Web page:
Cardinals dismiss hitting coach

Monday, November 1, 2004 | 12:00 a.m. CST; updated 8:07 p.m. CDT, Tuesday, July 8, 2008

ST.LOUIS- The St. Louis Cardinals, fresh off their World Series loss, have dismissed their hitting coach because of an alcoholism problem, a newspaper reported Sunday.

Mitchell Page, the Cardinals’ hitting coach for 3 1/2 seasons, was informed of the team’s decision Thursday by general manager Walt Jocketty and manager Tony La Russa, according to, the Web site of the St. Louis Post-Dispatch.

Page is to enter an alcohol treatment facility this week near his home in Oakland, Calif., the Post-Dispatch reported.

Page said he declined a minor-league position with the club.

“I need help and I’m going to get it,” he said. “I’m going to take the heat and the blame and admit I’m an alcoholic. I screwed up.”

La Russa said Page’s relationship with some players had been affected by his substance abuse.

“It had gotten to where we were worried about him professionally,” La Russa said. “We made it work during the season, but it’s time to address it.”

FREE AGENTS: Cardinals shortstop Edgar Renteria filed for free agency Friday along with catcher Mike Matheny and outfielder Ray Lankford, two days after the Boston Red Sox swept St. Louis in the World Series.

Re-signing Renteria, 29, is expected to be one of the Cardinals’ top priorities. He batted .287 with 10 home runs and 72 RBIs this season, a drop-off from 2003 when he hit .330 with 100 RBIs.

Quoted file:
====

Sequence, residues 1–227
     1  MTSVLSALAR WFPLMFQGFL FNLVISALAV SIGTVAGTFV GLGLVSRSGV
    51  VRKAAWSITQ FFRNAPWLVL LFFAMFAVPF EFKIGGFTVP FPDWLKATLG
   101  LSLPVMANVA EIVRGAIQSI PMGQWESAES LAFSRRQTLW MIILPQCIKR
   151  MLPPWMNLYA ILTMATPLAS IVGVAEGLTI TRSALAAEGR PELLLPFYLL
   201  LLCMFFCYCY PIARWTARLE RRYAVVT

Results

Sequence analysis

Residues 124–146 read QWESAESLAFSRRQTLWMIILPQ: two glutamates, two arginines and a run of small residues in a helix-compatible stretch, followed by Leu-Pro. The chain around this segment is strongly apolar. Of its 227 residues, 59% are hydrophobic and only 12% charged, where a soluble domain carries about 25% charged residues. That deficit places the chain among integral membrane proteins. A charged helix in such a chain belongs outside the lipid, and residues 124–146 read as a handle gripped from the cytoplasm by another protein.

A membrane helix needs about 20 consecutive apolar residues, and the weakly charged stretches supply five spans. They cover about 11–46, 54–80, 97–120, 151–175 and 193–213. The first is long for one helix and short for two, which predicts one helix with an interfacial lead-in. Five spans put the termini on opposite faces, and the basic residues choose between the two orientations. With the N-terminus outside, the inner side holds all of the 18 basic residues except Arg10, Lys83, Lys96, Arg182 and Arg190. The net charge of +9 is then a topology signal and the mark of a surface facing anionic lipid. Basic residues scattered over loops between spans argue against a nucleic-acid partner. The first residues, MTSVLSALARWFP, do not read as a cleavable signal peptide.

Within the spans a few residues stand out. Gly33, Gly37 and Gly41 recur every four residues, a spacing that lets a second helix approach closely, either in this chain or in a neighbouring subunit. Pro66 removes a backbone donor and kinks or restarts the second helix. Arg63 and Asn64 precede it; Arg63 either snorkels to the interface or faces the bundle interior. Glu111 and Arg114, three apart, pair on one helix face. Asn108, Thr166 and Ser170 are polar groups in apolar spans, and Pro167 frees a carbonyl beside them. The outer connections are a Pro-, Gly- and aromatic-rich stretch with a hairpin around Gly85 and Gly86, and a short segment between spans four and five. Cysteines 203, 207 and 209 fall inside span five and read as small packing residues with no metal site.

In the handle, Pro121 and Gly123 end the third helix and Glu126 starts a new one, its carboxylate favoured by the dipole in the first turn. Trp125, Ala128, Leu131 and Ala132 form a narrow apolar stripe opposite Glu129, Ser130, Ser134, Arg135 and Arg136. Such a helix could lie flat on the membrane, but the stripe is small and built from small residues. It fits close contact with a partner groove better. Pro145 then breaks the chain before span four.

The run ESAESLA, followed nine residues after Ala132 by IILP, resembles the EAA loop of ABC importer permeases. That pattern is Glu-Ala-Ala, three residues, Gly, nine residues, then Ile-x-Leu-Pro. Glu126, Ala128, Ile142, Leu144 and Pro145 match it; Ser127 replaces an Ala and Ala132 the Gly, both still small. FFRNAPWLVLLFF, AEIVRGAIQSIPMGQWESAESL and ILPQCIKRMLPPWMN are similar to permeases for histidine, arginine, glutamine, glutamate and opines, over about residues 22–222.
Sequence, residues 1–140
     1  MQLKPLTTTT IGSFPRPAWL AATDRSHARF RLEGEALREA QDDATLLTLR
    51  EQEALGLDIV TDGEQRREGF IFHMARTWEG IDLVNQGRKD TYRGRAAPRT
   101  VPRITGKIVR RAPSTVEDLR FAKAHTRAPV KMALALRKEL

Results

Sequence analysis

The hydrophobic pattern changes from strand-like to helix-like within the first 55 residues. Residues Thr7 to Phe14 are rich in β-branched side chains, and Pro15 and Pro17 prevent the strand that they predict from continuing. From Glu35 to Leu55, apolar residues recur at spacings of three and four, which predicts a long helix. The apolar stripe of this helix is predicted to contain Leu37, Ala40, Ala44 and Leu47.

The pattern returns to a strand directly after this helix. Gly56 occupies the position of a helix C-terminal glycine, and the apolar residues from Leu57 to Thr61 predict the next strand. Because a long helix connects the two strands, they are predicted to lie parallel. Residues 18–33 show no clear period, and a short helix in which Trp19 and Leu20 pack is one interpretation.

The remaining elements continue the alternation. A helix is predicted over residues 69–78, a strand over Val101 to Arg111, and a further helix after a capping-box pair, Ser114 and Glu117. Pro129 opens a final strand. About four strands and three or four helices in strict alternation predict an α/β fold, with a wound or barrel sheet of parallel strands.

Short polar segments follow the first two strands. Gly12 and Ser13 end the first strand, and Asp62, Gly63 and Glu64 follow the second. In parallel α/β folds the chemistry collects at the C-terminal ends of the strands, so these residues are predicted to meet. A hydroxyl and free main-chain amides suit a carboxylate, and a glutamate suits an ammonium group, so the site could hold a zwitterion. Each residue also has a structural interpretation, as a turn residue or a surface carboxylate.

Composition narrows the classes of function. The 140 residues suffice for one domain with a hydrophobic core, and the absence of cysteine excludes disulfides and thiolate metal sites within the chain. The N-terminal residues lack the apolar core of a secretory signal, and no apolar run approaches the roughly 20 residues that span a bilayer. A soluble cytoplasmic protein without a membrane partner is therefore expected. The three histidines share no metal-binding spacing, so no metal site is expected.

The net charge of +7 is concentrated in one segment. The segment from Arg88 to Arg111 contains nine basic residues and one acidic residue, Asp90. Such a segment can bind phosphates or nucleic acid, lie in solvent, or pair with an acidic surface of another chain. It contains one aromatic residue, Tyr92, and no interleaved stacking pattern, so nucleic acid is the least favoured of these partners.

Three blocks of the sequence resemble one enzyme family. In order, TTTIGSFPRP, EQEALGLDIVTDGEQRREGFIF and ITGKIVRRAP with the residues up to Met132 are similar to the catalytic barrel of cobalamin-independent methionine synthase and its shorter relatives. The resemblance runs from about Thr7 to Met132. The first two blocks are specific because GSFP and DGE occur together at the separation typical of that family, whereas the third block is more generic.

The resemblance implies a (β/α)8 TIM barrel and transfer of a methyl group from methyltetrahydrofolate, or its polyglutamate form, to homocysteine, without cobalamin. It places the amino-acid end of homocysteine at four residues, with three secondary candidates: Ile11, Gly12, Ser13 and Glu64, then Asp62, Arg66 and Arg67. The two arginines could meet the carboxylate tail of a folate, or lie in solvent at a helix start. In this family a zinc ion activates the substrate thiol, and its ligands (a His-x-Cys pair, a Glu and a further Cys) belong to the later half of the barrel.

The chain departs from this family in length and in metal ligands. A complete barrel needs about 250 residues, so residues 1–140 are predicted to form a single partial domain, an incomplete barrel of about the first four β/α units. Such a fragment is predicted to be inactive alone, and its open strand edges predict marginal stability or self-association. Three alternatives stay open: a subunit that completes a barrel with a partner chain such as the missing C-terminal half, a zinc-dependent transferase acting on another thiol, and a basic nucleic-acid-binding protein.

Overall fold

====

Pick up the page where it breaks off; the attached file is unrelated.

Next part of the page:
La Russa and Jocketty have been told their 2005 budget will be the same as this year, about $85 million.

Matheny, 34, is widely considered among the best defensively at his position. He batted .247 with five home runs and 50 RBIs this year, but hit only .195 in the playoffs.

Lankford, 37, left the team a day after the Cardinals acquired Larry Walker from Colorado and accepted a minor league assignment to Triple-A Memphis nine days later. He batted .255 in 92 games with St. Louis this year.

The toughest part is keeping a team together after enjoying big success, especially with the same payroll.

"You start looking at how you're going to spend it,'' La Russa said.

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